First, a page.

The Flemish Government has committed 2.4 million Euro (approx. R41m) to a project aiming to strengthen the adaptation capacity for a green and resilient economy in South Africa. The project was designed in consultation with national counterparts in South Africa, including the Department of Forestry, Fisheries and the Environment (DFFE) and the Department of Trade, Industry and Competition (the dtic), as well as industry-facing national agencies such as the National Cleaner Production Center South Africa (NCPC-SA) and the Industrial Development Corporation (IDC). The funding was approved in response to a proposal by the United Nations Industrial Development Organization (UNIDO). UNIDO will also be the international implementer of the project.
The project will focus on the private sector, including individual enterprises as well as sectoral organizations and selected Special Economic Zones, and will address the barriers that are currently hampering an accelerated adoption of measures and technologies on climate adaptation. In practice this will entail to building capacity to adapt, renew, re-organize and develop desirable pathways and more sustainable practices to help industries better prepare for future climate change impacts.
It will be implemented in collaboration with national entities of key government departments, including the NCPC-SA and the Technology Innovation Agency (TIA).
Initiatives will include technology upgrades in pilot enterprises to showcase the benefits of a climate-resilience approach in an industrial context, nurturing green innovation potential, and building capacity to mainstream climate action and strengthen the ability to develop and finance resilient capital investment projects in the green economy. Strategic partnerships with academia, industry and umbrella organizations will ensure that climate-resilient approaches are sustained and scaled up across the economy.
Geraldine Reymenants, General Representative of Flanders in South Africa, highlighted that a clear window of opportunity exists to accelerate the shift to a domestic green economy as the country embarks on a transition to a low-carbon, climate-resilient and environmentally sustainable economy. “It is no longer a question if companies should adapt to climate change, but rather how companies can transition to a green and inclusive economy”, she said. “This means that climate change and environmentally friendly practices should be incorporated in business plans. In partnership with UNIDO, the SA National Cleaner Production Center and the Technology Innovation Agency, we want to assist the private sector in making the required transition and in capitalizing on the opportunities that are emerging in the green economy.”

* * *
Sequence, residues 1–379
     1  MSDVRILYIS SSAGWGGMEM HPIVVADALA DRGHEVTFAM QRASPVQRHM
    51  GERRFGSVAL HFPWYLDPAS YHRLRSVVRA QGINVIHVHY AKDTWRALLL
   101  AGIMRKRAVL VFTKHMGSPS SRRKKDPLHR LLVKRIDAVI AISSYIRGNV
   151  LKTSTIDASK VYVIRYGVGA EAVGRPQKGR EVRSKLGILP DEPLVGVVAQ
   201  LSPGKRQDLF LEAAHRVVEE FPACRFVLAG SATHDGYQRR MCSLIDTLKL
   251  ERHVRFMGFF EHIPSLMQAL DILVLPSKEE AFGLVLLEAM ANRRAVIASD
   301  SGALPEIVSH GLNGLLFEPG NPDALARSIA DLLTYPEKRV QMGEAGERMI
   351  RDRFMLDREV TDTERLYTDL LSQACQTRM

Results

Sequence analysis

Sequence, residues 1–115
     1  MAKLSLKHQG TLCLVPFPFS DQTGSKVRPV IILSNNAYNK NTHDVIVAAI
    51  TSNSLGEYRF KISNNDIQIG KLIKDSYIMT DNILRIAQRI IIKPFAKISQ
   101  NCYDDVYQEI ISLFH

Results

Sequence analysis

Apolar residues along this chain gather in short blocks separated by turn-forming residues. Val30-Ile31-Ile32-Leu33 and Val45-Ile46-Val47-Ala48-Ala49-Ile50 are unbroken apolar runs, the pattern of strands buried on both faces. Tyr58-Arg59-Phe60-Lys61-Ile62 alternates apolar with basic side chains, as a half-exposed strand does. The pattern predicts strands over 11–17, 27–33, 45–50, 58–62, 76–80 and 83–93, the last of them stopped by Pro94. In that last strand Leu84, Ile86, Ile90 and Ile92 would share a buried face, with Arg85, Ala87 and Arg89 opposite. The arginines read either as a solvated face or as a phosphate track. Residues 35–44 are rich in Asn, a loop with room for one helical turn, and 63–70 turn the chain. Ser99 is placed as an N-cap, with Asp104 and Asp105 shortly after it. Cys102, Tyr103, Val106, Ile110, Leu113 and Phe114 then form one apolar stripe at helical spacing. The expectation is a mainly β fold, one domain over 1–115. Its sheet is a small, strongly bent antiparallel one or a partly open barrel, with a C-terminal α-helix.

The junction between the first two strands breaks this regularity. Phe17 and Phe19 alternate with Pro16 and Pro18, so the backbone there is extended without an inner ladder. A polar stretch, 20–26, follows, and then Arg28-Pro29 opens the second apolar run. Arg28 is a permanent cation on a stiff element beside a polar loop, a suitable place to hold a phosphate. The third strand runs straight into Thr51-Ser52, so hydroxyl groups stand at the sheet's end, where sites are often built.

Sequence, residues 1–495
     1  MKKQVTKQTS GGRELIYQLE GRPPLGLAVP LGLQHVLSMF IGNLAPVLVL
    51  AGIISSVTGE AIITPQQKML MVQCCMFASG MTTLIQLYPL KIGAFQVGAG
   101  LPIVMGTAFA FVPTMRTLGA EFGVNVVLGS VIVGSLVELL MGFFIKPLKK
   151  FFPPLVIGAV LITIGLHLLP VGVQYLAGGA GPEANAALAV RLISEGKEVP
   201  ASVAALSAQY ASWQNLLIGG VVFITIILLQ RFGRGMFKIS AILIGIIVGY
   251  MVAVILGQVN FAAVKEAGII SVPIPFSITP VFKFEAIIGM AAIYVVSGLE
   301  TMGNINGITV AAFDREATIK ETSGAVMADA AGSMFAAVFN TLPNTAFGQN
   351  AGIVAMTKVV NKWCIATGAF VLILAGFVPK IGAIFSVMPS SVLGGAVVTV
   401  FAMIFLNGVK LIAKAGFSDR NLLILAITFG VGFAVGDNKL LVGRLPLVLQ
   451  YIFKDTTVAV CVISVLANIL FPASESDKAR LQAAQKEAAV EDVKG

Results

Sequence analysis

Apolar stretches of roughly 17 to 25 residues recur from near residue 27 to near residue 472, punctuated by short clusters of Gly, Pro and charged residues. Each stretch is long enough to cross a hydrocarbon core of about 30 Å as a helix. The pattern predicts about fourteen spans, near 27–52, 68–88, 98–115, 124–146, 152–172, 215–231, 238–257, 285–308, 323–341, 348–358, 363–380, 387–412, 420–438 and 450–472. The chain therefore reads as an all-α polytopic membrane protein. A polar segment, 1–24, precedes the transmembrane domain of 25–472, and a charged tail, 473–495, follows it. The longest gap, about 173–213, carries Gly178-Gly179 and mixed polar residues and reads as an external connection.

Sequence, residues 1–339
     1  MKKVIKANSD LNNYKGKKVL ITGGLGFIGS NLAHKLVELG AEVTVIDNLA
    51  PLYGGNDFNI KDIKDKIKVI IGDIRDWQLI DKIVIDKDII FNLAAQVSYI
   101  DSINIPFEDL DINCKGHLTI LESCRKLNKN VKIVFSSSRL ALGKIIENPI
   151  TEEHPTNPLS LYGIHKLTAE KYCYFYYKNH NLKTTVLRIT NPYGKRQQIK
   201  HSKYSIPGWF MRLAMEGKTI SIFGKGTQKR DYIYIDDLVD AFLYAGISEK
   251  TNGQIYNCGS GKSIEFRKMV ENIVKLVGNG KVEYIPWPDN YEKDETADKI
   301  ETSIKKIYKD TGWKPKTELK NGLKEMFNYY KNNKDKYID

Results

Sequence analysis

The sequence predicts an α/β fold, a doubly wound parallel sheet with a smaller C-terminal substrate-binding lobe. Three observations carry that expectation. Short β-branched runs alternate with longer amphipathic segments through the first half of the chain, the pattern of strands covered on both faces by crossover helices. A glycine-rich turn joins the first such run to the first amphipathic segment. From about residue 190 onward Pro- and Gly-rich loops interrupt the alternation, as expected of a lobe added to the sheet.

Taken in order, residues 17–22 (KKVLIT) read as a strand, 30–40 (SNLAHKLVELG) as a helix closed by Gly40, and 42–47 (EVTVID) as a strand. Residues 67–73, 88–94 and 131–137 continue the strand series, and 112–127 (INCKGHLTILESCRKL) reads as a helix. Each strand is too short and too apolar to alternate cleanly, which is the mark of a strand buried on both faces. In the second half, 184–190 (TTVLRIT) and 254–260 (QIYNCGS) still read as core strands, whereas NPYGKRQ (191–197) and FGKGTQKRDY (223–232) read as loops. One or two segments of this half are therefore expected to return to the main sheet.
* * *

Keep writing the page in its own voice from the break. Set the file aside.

She emphasized that the project is strongly aligned with South Africa’s national priorities, and will strengthen and complement the relevant policy initiatives and activities. “South Africa also considers the adaptation component of its Nationally Determined Contribution to be an important contributor to the global response to climate change, and developed various strategic documents to support its vision of a low-emission and climate-resilient development pathway,” she said.
UNIDO Representative and Head of UNIDO’s Regional Office for Southern Africa, Khaled El Mekwad, said the project was the result of positive engagements between UNIDO and the Delegation of Flanders in Southern Africa, and UNIDO’s extensive involvement in the green economy in South Africa and the region. “Examples include the Global Eco-Industrial Parks Program, the award-winning Industrial Energy Efficiency Project, the Low-carbon Transport Project, and the Global Cleantech Innovation Program”, he said.
He commended the Government of Flanders for its commitment to helping South Africa accelerate its transition to a green economy. “This is the first UNIDO project funded by the Government of Flanders in Africa, and will result in a smaller carbon footprint by industry, greater climate consistency, and the creation of a vibrant and inclusive job market in South Africa. It is also a concrete example of inclusive and sustainable industrial development, in line with the Sustainable Development Goals and the 2030 Agenda,” he concluded.
Rana Ghoneim, Chief of the Energy Systems and Infrastructure Division at UNIDO’s Head Office in Vienna, explained that UNIDO will draw from its previous project experience in South Africa to scale up and sustain the project outcomes in the country, aspects that are regarded as critical by both the Government of Flanders and UNIDO. “We will build on and expand our partnerships with strategic stakeholders, including with the private and academic sectors, under the guidance of the relevant government stakeholders,” she explained.
She said that UNIDO has recently been accredited to the Adaptation Fund and the Green Climate Fund. “Successful adaptation activities to date include ecosystem-based adaptation, off-grid renewable energy supply, climate-proofing of infrastructure and the water-energy-food nexus.” The project will run over three years, and implementation is expected to commence by the second quarter of this year.
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